Wolfe, Linnie Marsh


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From Cecelia Galloway Washington Hotel iortlaad, Oregon JOHN iviUIR By Cecelia Galloway Hot So Long Ago there was a roan whose name and fame were known around the world. This man lived so close to Nature that he could hear her very heart beat. He knew her rooks and mountains, her trees and flowers, so intimately that he could read them as th© rest of us read books. The story of the making of the world was like print to him, for he had eyes that saw, and ears that heard, and a heart that understood. He had a wonderful gift of words, so that In his telling the rest of us mig^t understand also. He brought the woods and the mountains to,people who could not go. He was nature's interpreter for those who do not know her language. That man was my uncle, John Muir» My first remembrance of anything at all is of John Muir playing with me as a child, and I must have been a v&rf little girl for I remember I could walk under the table without bumping my head. The first letter I ever received was from him. He wrote it when I was born. I have It yet, faded ink on time-yellowed °?3S>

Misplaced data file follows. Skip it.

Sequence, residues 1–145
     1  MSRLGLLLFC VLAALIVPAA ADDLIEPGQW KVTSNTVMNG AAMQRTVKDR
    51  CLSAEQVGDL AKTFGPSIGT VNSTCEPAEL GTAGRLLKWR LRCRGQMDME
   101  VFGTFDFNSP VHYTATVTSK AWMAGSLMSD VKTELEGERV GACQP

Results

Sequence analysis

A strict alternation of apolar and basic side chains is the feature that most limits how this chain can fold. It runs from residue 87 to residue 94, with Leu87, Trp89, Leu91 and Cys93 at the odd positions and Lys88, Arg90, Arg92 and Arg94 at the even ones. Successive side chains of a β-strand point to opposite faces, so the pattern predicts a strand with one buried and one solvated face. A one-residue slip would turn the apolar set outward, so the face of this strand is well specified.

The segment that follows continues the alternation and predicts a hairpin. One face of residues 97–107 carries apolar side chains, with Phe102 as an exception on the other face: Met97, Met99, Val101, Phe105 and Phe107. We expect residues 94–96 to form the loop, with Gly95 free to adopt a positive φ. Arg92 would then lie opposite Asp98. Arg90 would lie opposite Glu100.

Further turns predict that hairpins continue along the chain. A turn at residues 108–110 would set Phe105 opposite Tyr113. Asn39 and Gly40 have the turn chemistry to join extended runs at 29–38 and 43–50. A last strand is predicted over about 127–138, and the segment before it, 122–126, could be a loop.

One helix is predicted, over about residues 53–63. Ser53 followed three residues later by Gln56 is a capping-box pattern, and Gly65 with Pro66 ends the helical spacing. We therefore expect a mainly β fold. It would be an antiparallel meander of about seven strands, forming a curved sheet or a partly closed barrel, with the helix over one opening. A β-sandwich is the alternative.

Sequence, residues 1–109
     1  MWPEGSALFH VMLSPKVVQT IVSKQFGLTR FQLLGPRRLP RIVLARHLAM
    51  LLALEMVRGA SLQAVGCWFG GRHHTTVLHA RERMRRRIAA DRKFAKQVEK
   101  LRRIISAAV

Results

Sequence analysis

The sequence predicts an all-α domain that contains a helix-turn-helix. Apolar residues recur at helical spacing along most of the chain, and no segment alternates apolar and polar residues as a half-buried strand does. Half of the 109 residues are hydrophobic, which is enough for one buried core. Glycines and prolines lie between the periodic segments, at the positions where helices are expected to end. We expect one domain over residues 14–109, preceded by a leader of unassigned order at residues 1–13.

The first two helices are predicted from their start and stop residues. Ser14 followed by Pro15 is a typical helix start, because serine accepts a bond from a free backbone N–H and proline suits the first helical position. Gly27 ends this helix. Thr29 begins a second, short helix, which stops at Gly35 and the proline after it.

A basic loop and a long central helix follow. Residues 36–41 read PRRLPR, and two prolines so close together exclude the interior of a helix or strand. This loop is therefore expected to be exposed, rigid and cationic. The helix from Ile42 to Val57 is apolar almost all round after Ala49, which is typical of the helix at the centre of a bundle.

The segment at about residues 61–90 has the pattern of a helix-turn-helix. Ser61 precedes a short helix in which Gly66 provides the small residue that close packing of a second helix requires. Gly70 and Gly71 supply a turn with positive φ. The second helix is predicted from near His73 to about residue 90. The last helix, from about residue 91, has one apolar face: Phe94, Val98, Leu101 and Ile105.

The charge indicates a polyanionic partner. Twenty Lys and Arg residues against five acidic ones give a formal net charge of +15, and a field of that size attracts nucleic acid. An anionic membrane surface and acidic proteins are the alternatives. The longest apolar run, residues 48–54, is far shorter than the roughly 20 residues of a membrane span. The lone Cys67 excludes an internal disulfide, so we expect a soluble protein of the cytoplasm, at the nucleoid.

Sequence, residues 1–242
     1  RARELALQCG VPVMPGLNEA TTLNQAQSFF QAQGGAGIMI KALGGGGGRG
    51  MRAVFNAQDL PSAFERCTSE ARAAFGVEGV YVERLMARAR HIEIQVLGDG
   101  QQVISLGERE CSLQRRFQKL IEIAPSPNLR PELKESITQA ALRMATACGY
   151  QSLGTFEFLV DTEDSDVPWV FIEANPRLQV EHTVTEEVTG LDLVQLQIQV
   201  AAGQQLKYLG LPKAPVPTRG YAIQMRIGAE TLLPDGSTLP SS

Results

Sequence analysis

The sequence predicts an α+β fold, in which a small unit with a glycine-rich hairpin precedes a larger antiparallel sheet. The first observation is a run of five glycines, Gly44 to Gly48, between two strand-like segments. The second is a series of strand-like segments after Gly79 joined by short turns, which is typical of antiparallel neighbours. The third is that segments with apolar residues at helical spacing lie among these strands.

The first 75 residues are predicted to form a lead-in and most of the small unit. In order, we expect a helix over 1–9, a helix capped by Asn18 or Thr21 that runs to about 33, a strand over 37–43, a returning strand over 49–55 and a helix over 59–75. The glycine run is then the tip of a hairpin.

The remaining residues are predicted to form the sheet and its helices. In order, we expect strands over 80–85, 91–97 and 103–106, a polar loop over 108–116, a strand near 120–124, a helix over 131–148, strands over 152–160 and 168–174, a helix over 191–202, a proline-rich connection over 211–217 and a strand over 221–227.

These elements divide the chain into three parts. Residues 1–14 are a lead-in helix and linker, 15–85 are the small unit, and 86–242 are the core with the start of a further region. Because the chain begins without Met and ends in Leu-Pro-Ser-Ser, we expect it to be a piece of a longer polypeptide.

Portland, Oregon

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MSS048 Vb.7

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Owning Institution

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John Muir, biography, reminiscence, colleagues, contemporaries, archives, special collections, University of the Pacific, California, Holt-Atherton Special Collections, history, naturalist